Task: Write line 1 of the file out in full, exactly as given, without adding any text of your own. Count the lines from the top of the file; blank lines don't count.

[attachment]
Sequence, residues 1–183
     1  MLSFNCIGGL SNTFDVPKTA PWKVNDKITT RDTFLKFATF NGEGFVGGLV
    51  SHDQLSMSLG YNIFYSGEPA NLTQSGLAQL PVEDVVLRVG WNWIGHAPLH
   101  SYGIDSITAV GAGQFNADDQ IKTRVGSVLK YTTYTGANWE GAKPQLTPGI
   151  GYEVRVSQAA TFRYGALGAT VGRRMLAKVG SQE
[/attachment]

Sequence, residues 1–183